Edith Hernandez Receives 2021 National Hispanic Health Foundation’s Professional Student Scholarship

Edith Hernandez with her NHHF Professional Student Scholarship

Edith Hernandez, a third-year MD/PhD student in the Medical Scientist Training Program in the Department of Pharmacology at the University of Minnesota Medical School, is a recipient of the 2021 National Hispanic Health Foundation (NHHF) professional student scholarship award. The award is in recognition of a student who has shown a continued commitment to serving the Latinx community and other underrepresented minority patient populations.

Hernandez grew up on the U.S.-Mexico border in Ciudad Juárez, Chihuahua, Mexico. It was from there that she commuted across the bridge to school in El Paso, Texas. Ciudad Juárez is infamously known as a high-risk region heavily impacted by cartel activity and a prevalent drug and substance abuse culture. It wasn’t until she moved and attended college that she realized that addiction isn’t always common and can be treated. This is what led her to pursue the study of translational addiction with the goal of developing better treatments than what currently exists. 

“My passion stays within addiction medicine,” Hernandez said. “My research is focused on neuropharmacology of addiction and related behaviors. As far as medicine goes, I really want to practice addiction psychiatry, while focusing on bilingual and multicultural services for underrepresented minority patients on the road to recovery.”

Hernandez initially chose the U of M Medical School for her research interests.

“To say that there’s growing interest in addiction research and medicine in the state of Minnesota is such an understatement,” Hernandez said. “Long story short, given my passion and devotion to the field, this is the place to be.”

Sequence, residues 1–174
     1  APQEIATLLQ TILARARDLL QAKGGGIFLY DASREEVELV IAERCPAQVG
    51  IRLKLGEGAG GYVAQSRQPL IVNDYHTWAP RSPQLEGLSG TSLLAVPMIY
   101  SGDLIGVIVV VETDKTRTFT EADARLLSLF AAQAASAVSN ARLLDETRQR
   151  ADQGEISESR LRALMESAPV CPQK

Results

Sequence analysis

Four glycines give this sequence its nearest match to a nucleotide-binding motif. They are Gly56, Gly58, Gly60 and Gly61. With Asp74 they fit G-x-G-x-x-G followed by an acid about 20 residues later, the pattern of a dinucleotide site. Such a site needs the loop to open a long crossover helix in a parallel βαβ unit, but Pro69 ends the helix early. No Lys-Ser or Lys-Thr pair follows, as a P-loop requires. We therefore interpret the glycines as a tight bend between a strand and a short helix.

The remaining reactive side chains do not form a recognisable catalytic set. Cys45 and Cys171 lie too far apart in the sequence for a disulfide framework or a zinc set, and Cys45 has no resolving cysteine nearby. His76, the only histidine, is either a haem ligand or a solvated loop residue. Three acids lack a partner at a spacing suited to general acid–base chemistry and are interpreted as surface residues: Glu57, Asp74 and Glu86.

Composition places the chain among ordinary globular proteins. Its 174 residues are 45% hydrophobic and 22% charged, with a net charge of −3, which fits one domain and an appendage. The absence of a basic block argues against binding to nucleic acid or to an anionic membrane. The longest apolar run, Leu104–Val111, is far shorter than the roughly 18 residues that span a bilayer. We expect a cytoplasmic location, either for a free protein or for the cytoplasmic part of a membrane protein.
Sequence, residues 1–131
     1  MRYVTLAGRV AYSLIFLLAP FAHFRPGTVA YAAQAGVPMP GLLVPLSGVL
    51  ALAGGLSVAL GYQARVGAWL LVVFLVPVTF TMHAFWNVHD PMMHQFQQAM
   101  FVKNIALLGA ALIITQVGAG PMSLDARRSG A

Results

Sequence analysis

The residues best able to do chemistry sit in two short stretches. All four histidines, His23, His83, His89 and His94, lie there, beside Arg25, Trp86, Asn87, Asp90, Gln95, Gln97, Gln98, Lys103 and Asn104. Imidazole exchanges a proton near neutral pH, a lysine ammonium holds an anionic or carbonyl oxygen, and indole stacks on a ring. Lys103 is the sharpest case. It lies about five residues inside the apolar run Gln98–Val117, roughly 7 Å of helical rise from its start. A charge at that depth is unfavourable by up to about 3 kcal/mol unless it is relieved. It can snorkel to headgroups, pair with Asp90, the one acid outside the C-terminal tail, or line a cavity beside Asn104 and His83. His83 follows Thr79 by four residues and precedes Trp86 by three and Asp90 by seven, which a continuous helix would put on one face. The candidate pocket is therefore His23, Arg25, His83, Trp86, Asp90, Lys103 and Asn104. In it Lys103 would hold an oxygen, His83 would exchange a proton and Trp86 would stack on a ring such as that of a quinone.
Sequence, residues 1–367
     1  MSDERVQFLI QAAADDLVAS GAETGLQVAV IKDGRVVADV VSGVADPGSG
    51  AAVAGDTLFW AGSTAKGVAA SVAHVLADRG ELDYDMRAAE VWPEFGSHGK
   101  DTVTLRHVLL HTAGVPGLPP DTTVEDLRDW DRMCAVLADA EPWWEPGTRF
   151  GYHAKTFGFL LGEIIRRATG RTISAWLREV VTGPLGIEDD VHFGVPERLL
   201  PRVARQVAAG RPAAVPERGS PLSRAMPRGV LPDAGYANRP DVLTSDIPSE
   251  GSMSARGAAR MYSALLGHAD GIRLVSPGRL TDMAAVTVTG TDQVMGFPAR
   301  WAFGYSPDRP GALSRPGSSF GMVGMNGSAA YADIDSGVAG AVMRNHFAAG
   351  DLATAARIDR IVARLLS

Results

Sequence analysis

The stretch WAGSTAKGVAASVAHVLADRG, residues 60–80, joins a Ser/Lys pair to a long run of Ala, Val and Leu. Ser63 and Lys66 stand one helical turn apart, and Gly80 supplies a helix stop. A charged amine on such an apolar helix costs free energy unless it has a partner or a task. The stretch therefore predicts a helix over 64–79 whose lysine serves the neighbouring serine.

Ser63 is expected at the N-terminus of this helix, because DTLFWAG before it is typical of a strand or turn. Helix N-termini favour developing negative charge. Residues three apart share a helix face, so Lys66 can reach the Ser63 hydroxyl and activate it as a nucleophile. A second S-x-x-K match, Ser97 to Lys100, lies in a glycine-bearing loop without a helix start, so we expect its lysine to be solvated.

Hernandez was recommended for this award by Ana Núñez, MD, FACP, vice dean of Diversity, Equity and Inclusion at the U of M Medical School. 

“We are so fortunate to have with us here in the Medical School such a talented future clinician researcher as Ms. Hernandez,” Dr. Núñez said. “From her talent, critical thinking, insight and leadership, she is a role model of excellence. Her contributions thus far have been impactful. Moving forward she will be the catalyst to promote transformational change for all patients, including those from the Latinx community. I am delighted that NHHF selected her and that she received this most appropriate recognition.”

Hernandez has also been recognized for her leadership commitments across the U of M Medical School community as a 2020 recipient of the President’s Student Leadership and Service Award. She served as the President of the Latino Medical Student Association and has been involved in the Student National Medical Association, White Coats for Black Lives and the Medical Discovery Team on Addiction. She also co-founded AddMed, an addiction medicine student interest group.

The NHHF scholarship points to a commitment to helping the Latinx community in the coming years. 

“My dream is to establish a treatment program in the U.S., where bilingual treatment can be offered to Latinx patients,” said Hernandez. “I would also like to make rehabilitation treatment options accessible to people from different cultural and religious backgrounds, which are not always accommodated under existing frameworks.” 

On Dec. 2, Hernandez flew to New York City with her family to attend the 2021 NHHF Scholarship Gala in Times Square, where she was honored for this award.

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